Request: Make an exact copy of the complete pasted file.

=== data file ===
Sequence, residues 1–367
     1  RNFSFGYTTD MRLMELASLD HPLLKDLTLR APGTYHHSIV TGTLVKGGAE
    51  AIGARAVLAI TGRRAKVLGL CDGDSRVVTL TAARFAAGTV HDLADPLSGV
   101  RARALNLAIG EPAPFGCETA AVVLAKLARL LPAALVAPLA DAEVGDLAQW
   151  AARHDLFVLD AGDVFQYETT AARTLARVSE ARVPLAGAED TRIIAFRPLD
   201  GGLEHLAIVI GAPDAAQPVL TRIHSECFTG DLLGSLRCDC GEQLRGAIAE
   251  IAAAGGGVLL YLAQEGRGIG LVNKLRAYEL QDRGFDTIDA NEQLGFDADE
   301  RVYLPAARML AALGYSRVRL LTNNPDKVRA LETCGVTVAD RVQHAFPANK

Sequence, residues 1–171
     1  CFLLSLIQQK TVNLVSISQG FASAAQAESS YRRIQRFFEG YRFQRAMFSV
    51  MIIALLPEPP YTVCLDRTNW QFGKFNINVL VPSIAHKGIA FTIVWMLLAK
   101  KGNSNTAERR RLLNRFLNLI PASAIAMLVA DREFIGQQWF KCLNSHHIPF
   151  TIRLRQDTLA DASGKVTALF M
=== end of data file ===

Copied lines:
Sequence, residues 1–367
     1  RNFSFGYTTD MRLMELASLD HPLLKDLTLR APGTYHHSIV TGTLVKGGAE
    51  AIGARAVLAI TGRRAKVLGL CDGDSRVVTL TAARFAAGTV HDLADPLSGV
   101  RARALNLAIG EPAPFGCETA AVVLAKLARL LPAALVAPLA DAEVGDLAQW
   151  AARHDLFVLD AGDVFQYETT AARTLARVSE ARVPLAGAED TRIIAFRPLD
   201  GGLEHLAIVI GAPDAAQPVL TRIHSECFTG DLLGSLRCDC GEQLRGAIAE
   251  IAAAGGGVLL YLAQEGRGIG LVNKLRAYEL QDRGFDTIDA NEQLGFDADE
   301  RVYLPAARML AALGYSRVRL LTNNPDKVRA LETCGVTVAD RVQHAFPANK

Sequence, residues 1–171
     1  CFLLSLIQQK TVNLVSISQG FASAAQAESS YRRIQRFFEG YRFQRAMFSV
    51  MIIALLPEPP YTVCLDRTNW QFGKFNINVL VPSIAHKGIA FTIVWMLLAK
   101  KGNSNTAERR RLLNRFLNLI PASAIAMLVA DREFIGQQWF KCLNSHHIPF
   151  TIRLRQDTLA DASGKVTALF M